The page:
Robert Hermann's Long-Exposure Images Of London

M@
By M@ Last edited 51 months ago
Robert Hermann's Long-Exposure Images Of London
St Pancras stands solid while those around are as ghosts.
St Pancras stands solid while those around are as ghosts.
Another shot of King's Cross and St Pancras.
Another shot of King's Cross and St Pancras.
In More London.
In More London.
Along the river, those gazing to the City hold their positions, while passers-by are a blur.
Along the river, those gazing to the City hold their positions, while passers-by are a blur.
The London Eye appears to turn at breakneck speed.
The London Eye appears to turn at breakneck speed.
While humans go about their business, our future robot overlords stand firm.
While humans go about their business, our future robot overlords stand firm.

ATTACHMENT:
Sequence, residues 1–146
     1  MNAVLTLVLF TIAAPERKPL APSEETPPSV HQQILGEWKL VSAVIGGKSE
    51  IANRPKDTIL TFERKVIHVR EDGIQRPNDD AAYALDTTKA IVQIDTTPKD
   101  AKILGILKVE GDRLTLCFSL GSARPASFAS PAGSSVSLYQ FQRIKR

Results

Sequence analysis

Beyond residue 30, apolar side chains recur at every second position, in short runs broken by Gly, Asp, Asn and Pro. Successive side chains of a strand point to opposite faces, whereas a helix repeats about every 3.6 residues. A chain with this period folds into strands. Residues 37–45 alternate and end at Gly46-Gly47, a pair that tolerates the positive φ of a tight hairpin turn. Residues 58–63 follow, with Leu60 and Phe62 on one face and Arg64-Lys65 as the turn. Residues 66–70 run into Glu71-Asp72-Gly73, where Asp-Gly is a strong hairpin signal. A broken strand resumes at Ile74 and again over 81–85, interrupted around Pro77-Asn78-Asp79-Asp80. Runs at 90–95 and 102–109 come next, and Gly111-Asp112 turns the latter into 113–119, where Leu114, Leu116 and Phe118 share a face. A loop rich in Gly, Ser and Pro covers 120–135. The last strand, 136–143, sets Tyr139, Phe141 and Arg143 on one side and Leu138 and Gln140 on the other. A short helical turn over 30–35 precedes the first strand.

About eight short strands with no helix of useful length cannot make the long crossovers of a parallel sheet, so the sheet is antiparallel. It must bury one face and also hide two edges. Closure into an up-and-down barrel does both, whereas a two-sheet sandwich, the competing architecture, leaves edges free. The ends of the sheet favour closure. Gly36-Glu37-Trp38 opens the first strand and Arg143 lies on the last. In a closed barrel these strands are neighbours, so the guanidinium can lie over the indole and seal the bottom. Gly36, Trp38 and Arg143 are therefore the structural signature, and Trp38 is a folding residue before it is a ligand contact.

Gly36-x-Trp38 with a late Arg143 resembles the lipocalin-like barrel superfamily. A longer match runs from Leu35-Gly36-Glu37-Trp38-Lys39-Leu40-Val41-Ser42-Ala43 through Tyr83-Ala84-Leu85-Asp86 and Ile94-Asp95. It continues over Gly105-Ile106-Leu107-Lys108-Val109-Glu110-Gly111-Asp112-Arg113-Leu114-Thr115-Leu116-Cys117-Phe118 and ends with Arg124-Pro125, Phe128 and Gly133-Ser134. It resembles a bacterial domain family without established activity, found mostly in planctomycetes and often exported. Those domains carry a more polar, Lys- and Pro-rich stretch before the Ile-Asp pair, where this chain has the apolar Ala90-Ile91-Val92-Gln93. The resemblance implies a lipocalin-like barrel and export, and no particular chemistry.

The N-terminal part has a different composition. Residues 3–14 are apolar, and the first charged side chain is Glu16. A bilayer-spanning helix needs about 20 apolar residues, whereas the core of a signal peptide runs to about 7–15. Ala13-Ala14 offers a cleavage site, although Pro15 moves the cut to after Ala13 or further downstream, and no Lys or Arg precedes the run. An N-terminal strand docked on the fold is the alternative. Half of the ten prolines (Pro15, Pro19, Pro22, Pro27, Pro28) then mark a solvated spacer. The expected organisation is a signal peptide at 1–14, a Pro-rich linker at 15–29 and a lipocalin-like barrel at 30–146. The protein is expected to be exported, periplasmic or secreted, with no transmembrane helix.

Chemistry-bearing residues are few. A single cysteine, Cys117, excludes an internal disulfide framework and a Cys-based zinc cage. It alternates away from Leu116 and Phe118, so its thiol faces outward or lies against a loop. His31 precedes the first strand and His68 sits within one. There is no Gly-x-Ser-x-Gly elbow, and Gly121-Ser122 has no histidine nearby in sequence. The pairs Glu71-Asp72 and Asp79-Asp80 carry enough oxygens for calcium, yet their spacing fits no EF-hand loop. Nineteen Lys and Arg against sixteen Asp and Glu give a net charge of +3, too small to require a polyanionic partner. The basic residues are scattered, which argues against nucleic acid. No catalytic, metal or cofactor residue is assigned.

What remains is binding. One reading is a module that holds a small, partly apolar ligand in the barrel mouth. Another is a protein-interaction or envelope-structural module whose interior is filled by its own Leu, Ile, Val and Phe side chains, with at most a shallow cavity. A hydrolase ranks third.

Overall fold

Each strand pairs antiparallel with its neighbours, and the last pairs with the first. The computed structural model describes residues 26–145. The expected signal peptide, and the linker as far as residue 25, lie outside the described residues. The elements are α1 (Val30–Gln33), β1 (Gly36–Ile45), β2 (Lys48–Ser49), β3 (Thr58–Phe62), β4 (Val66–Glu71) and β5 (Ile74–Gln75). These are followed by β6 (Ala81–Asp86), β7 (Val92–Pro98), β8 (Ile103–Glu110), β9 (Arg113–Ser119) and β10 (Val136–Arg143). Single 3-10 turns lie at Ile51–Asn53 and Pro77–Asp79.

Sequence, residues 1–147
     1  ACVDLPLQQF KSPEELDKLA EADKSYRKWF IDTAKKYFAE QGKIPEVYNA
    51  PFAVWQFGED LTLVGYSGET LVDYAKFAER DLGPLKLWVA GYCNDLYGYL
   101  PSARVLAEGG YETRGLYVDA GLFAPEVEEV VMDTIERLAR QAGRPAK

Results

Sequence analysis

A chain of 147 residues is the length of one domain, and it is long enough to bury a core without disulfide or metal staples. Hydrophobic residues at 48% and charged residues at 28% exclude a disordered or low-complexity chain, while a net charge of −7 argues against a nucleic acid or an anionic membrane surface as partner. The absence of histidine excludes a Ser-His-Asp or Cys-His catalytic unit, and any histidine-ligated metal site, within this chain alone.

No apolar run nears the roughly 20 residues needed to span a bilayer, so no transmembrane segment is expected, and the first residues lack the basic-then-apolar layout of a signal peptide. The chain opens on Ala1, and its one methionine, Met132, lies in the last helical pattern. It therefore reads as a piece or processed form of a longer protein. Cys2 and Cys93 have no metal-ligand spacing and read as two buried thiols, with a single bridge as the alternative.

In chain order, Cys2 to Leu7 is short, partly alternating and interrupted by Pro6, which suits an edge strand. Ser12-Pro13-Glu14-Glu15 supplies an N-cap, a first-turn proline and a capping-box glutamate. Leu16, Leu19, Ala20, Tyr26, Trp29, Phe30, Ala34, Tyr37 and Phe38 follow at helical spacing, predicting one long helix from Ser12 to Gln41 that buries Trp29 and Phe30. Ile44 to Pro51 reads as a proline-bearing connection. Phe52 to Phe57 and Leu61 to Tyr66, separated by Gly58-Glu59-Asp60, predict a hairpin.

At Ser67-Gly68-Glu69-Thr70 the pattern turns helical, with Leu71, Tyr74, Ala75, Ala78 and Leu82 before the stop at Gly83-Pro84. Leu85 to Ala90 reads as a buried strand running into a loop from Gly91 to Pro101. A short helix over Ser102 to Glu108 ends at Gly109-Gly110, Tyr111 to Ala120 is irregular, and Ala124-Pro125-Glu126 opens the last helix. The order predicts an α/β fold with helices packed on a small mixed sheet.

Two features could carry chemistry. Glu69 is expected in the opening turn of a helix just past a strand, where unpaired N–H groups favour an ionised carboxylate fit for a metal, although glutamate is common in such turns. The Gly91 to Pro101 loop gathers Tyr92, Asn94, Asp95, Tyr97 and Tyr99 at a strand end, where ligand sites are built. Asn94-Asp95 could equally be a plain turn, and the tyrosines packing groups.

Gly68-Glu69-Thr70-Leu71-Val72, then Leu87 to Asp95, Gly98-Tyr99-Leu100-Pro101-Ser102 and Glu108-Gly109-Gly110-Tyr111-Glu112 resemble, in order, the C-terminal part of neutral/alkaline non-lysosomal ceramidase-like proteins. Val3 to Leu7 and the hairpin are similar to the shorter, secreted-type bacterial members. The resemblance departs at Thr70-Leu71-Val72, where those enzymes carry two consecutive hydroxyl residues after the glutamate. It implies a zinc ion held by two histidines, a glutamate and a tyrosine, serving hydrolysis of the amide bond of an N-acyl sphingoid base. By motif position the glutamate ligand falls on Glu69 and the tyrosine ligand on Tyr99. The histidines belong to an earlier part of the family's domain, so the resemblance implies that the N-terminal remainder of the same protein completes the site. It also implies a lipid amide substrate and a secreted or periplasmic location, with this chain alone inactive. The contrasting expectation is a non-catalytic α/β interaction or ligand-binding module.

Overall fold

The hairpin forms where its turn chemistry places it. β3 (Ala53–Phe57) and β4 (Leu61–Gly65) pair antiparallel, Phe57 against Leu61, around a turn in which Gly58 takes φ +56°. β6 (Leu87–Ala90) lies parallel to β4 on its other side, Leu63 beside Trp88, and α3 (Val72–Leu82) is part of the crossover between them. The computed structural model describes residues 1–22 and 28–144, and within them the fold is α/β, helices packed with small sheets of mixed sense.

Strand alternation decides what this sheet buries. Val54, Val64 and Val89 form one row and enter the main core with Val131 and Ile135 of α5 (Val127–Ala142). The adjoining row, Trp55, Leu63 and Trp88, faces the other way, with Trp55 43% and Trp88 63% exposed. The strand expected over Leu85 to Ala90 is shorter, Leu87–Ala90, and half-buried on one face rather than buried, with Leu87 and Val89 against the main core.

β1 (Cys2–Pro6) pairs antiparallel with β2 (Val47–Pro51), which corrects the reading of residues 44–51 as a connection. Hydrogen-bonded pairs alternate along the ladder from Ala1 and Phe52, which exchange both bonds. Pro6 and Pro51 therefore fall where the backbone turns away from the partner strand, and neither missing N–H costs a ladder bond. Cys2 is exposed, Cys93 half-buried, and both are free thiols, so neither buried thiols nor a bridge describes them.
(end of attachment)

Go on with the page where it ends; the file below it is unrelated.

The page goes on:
Long-exposure photography has been a 'thing' ever since photography was invented. But Robert Hermann's images, under the project name '60-second slices of present', have a particularly haunting quality. They show famous London scenes in which a 60 second exposure leaves the buildings solid and permanent while humans are smeared around like ghosts. As Robert explains:

"60-second slices of present" is an ongoing project that is inspired by three essential elements — time, man and man-made space. For the last couple of years I have been developing a concept to describe how people are using the city. The most interesting factor I discovered is human scale – human scale not only in a spatial but also in a temporal sense. How much of the city's human factor is still representable if I slightly shift my result out of the conventional frame of human perception. Technically I expose each frame for a period of 60 seconds in full daylight. Thus, the vibrant flux of everyday life is tending to dissolve into fog-like patterns while permanent structures remain sharp and clear.

More of Robert's work can be found on his website, including further images of London as well as photos of other cities.

Last Updated 11 November 2013